Peroral endoscopic myotomy (POEM) was initially introduced in 2010 as a novel treatment modality for achalasia.1 Subsequently, multiple studies have confirmed POEM to be both an effective and safe treatment for achalasia in short- and mid-term studies.2,3 POEM has also been used as a secondary or salvage treatment after failure of other modalities (eg, pneumatic dilation and Heller myotomy [HM])2,4–11 and has been shown to be safe and effective after a failed POEM.12
Progressive tunneling is performed in the submucosal space distally within the esophageal wall during a POEM procedure.1 Therefore, occurrence of gas leak through muscle fibers can occur.13 In fact, gas leak is the most reported insufflation-related event. The incidence of gas leak has been reported to be as high as 86%.14,15 Data from previous experience suggest that gas leak-related events during POEM do not have major clinical consequences.13 It is unknown, however, whether the occurrence of gas leak impacts time to extubation post-procedurally (as a result of presence of capnomediastinum or capnoperitoneum). Mucosal injury is another intra-procedural event that can occur during POEM with an incidence of 4–5%.7,13 Other events that can occur during or after POEM that are procedure-related include bleeding and abdominal and/or chest pain.
Performing surgical myotomy after a previous initial myotomy is complex.16 The same applies to POEM and the procedure is likely to be more technically challenging.6,8 Submucosal fibrosis from a previous myotomy can make the procedure more difficult and increase the risk of adverse events (AEs).17 The aim of our study was to assess the peri-procedural incidence of gas leak and mucosal injury occurring during or after POEM in a group with prior myotomy (whether HM or POEM), the post-myotomy POEM (PM-POEM) group, as compared to an index POEM (iPOEM). We hypothesized that the rate of gas leak and mucosal injury is higher in PM-POEM, and that occurrence of gas leak may be associated with a delay in extubation post procedure. We also hypothesized that tunnel creation may be more difficult in PM-POEM likely due to fibrosis from prior intervention; hence, more clips may be needed to close the mucosotomy site. The primary outcomes we aimed to study were the rate of and predictors of gas leak and mucosal injury. The secondary outcomes assessed were comparison of time to extubation post-procedure including when gas leak occurred, length of myotomy, procedure time, and length of hospital stay (LOS) between groups.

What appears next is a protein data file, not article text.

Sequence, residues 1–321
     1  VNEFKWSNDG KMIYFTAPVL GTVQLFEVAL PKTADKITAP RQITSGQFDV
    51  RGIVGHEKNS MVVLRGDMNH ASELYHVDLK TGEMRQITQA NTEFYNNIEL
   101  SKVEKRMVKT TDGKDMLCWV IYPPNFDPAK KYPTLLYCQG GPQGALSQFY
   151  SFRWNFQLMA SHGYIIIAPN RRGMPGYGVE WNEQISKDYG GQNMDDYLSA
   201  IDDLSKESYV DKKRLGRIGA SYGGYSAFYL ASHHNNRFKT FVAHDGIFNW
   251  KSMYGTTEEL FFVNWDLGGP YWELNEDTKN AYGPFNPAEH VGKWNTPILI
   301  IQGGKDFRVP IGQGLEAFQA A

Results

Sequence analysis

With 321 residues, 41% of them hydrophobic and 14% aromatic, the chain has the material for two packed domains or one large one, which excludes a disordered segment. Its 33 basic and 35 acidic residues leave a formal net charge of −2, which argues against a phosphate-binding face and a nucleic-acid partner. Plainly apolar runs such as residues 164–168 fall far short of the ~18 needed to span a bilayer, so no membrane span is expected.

Patients and Methods
Subjects and Data Collection
We performed a retrospective study comparing procedural aspects of PM-POEM to iPOEM. POEM procedures performed at a tertiary referral center from March 2016 to August 2018 were included. All included cases had mucosotomy and myotomy completed. POEM procedures were performed for the indication of achalasia, except for one case of esophagogastric junction outflow obstruction (EGJOO). Carbon dioxide (CO2) was used for insufflation in all procedures. The detailed procedure was described in our previous study.17 The PM-POEM procedure was performed following the same steps as the iPOEM. The following data were collected: age at POEM, gender, position of myotomy, length of myotomy, procedure time (the time from endoscope insertion to endoscope withdrawal, in minutes), occurrence of mucosal injury, number of clips used to close mucosal injuries, number of clips used to close the mucosotomy site (as a surrogate for difficulty creating the tunnel), incidence of gas leak, extubation time from the end of the procedure (as recorded in anesthesia procedure sheet), and LOS in days including the day of the procedure and the day of discharge. Gas leak was defined by the presence of subcutaneous emphysema, capnomediastinum, capnoperitoneum, and/or capnothorax documented by physical exam and/or imaging. These included gas leak that was found incidentally as well as on imaging that was performed for symptoms. Difficult procedures were determined by the endoscopist’s impression of the procedure being challenging, often based on the degree of difficulty in creating the submucosal tunnel and/or difficulty performing myotomy. An institutional review board (IRB) approval was obtained for the current study (IRB00089650; June 21, 2016 and renewed each year). All POEM procedures were performed by S.K. and Q.C. with experience in performing > 100 POEMs each at the time of study.